How to Make No-Sew Cushions for Banquette Seating or Window Seats

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I finally completed the cushions for our banquette seating around the kitchen table. I had the bench built-in right after we moved here a year and a half ago. It only took me this long to do my part!

No sewing. Water proof. Washable. These were my non negotiable’s on the project. ANYONE can do this. If you have a window seat and want to make a cushion for it, this is the way to go.

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What you will need:

– Measurements (width and depth)
– Thin boards (I used 1/4 inch thick boards and had the store cut them to my sizes)
– Foam from a craft store. I purchased 3″ thick, but they come in 1″, 2″ and so on…
– Fabric: I wanted mine to be waterproof since we have small kids and this is at our table. I purchased a vinyl fabric to go underneath and then a cotton pattern to go on the top. My top fabric was a light upholstery grade fabric. It could be used for curtains or other type project.
– Staple gun
– Fabric tape, or duck tape.
– Measuring tape
– Scissors
– Sharp serrated kitchen knife

STEP 1

First I cut the foam to the sizes of my boards. I used a serrated kitchen knife which worked well. The store used an electric knife like our mothers used when they carved our thanksgiving turkeys but I don’t have one of those antiques. I have to say it did make the cleanest cut, but my kitchen knives worked ok too.

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STEP 2

Next I attached the vinyl fabric around the foam and to the boards with a staple gun. See the picture for how I did the corners. they came out very nice a square looking when finished.

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STEP 3

Finally I attached the fabric with tape to the bottom of the boards. I used tape instead of staples so I could pull it off and wash it without ruining it.

It’s that easy.

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Tuesday Tip

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Hairbrushes!

We are always losing hairbrushes. My two oldest don’t care because they hardly ever brush their hair but number 4 loves to brush.

I find hair brushes in toy bins, car floors, random baskets, under sofas, and in kitchen cabinets but rarely in a bathroom drawer where they belong.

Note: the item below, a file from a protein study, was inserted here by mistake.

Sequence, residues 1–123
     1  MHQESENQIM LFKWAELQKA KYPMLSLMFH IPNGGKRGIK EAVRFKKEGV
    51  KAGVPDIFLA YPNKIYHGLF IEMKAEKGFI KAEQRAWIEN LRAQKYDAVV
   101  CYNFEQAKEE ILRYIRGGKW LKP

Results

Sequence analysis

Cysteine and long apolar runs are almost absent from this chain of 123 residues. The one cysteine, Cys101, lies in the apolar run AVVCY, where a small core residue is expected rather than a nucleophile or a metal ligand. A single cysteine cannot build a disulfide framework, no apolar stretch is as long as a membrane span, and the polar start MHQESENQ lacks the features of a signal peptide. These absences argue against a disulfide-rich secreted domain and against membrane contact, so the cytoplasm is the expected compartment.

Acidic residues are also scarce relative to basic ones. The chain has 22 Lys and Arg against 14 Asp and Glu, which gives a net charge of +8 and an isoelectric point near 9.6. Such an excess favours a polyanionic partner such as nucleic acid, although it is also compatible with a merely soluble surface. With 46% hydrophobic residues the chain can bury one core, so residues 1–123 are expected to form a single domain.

Most of the time someone comes asking me to put their hair in a ponytail and since we are always in a hurry we don’t have time to check all the random places you might find a brush in our home. So I have to try and create a smooth ponytail with “no bumps” magically with my fingers without “hurting” them.

Impossible

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And then there is my brush. I really get frustrated when I go to blow dry my hair, open the drawer and find it empty. Blow dryer in hand and no brush in sight? This may not be a real crisis for you, but I have troubled hair. Hair that needs extra discipline and care. My hair has to be finessed, worked and coddled, not just thrown together. That’s not going to work. It’s touchy. It’s got a ‘tude. It requires extra assistance. So it just won’t do to NOT have MY brush.==

So brushes were the bane of my existence some days.

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Then a friend, whom God alone sent my way, told me this nifty trick. Tie your brushes to the drawer handle with a long piece of ribbon.

How simple, how splendid, how perfectly perfect.

I LOVE IT!

We now have brushes when we need them, where we need them, every time.

Focusing on the Beautiful in the Mess

 

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It is so easy to get down on my house. When I just look around the house and see all the projects I haven’t gotten to or the stuff sitting on counter tops and floors I get frustrated, and beat down and sometimes even angry.  It’s easy to stay there, irritated and madly picking up like some crazed housewife. But it’s like that again the next day, so the crazed housewife thing doesn’t seem to be fixing anything. I bet you feel the same way some days.

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So I started wondering what would happen if I focused on the beautiful in the mess. The things in each room that bring me joy not all the things that I need to still get to.

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I went around the house taking pictures of my favorite things in each room. The room’s jewelry. The piece de resistance. Almost every room has one. And on the days when my house was under siege by trash mongers I focused on these pieces. I found that I was able to rest amongst the chaos when I focused on the beautiful.

It’s the same way with our soul. When we are not restful, if we focus on what God says about us it brings us rest in the middle of the crazy.

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The truth is my house isn’t all junk, there are projects that are completed, and there are beautiful things in it. Just as I am not a total looser in life, God says I am beautifully and wonderfully made no matter what someone else does to me or says about me.

It’s what you focus on. If you focus on the negative and undone in your home, your home will be a tangled mess in your mind, but if you focus on the beautiful your home, it will be a restful and peaceful place, even amongst the mess.

If we focus on what others say about us, or do to us, we may feel bad about ourselves, but if we focus on what God says about us, who God says we are, we will be peaceful and joyful.

Today, I challenge you to focus on the beautiful in your home and in your life.

No more spilled milk in my home

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Why, oh why, do they make big kid plastic cups with skinny bottoms that flare out at the top? Do they want my kids to spill their milk at every meal? The design is totally flawed, it’s designed to tip over.

Oh the humanity!